Web 2.0: New Challenges for the Study of E-Democracy in an Era of Informational Exuberance
Type of work: Article (academic)
This paper seeks to broaden the debate about edemocracy. Since the emergence of the e-democracy movement, most projects and analyses have used rich and sustained deliberation on an often-romanticized “Athenian” or “public sphere” model as a yardstick to both judge and empirically measure outcomes. This approach, heavily influenced by an ideal of rational critical discourse, has proved notoriously difficult to embed in political organizations. As a consequence, the use of digital network technologies to shape public policy is generally met with incredulity by most politicians, public servants, and citizens.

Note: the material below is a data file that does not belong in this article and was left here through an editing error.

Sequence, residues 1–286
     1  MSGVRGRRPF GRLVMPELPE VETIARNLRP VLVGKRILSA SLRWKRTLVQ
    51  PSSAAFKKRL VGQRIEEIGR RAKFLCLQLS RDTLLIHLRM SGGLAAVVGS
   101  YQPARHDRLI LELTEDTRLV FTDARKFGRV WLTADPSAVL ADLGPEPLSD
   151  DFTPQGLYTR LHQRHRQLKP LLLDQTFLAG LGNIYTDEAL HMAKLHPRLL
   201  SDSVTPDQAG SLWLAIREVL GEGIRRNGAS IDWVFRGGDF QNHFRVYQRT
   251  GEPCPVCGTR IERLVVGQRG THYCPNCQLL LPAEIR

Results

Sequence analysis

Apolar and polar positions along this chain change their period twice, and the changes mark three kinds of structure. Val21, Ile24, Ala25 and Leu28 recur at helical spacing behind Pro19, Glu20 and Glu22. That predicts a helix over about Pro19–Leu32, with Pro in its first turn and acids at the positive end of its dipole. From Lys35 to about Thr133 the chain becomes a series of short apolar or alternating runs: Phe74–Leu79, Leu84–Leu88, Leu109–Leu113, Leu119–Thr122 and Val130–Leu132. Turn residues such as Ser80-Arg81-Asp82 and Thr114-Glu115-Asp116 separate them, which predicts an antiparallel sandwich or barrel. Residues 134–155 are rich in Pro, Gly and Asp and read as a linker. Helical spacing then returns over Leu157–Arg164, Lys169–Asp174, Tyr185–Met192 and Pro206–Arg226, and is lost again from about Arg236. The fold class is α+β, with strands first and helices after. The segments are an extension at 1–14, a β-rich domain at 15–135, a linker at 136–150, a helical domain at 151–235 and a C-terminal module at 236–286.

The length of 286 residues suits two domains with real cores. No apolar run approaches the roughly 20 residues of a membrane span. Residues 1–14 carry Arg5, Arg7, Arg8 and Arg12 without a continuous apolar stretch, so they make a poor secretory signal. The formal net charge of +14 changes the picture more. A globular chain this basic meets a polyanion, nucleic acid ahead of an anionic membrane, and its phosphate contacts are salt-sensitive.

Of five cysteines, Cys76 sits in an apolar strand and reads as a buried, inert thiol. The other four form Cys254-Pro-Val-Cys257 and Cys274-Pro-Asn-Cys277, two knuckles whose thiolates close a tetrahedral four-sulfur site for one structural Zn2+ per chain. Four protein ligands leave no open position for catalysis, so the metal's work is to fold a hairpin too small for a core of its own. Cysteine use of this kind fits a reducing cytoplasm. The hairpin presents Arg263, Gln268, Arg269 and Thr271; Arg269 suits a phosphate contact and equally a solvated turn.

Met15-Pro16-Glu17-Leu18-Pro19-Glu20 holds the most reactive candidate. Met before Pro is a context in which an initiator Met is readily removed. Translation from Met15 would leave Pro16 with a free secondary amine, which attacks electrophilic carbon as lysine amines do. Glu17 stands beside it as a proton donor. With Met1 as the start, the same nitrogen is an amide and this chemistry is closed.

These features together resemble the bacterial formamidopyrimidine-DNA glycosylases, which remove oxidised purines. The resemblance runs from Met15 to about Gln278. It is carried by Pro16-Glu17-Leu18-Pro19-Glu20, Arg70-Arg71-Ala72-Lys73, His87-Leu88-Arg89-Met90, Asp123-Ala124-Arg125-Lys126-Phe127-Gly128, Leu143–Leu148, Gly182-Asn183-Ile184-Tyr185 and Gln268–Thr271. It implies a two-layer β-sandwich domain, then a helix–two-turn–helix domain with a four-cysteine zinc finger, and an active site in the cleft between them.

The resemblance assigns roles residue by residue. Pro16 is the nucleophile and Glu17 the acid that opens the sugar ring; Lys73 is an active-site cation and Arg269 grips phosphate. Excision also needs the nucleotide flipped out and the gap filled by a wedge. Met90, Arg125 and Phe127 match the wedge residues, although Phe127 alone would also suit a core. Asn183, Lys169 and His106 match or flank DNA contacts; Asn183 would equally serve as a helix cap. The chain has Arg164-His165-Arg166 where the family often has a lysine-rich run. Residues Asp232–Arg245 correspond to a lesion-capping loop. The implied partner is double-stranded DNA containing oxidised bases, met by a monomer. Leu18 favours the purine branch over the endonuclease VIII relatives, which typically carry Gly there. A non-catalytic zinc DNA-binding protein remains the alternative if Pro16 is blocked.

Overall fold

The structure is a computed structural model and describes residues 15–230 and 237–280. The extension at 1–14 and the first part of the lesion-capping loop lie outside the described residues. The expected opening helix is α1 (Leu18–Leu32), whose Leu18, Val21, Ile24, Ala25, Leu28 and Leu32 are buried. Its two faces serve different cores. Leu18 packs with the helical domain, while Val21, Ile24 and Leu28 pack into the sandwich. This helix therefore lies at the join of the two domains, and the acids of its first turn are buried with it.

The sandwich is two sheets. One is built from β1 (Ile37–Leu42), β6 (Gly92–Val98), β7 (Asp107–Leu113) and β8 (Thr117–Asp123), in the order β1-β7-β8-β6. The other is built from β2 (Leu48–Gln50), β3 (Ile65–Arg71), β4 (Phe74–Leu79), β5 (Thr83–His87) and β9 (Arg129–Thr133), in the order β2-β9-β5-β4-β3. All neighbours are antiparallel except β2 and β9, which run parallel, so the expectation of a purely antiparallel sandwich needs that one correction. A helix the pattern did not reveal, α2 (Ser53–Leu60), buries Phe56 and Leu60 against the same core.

Following a brief critique of the assumptions underlying the literature to date, this paper sketches out an alternative approach—one based on the incentive structures that seem to shape how public servants and citizens now behave online. The approach is derived from preliminary observations of the low threshold co-production behavior characteristic of what has come to be known as “web 2.0.” While it may not live up to the high ideals of the deliberative public sphere, some of this behavior has real value in online consultation and public policymaking. We should acknowledge that successful e-democracy programs may require a plurality of different sociotechnical values and mechanisms.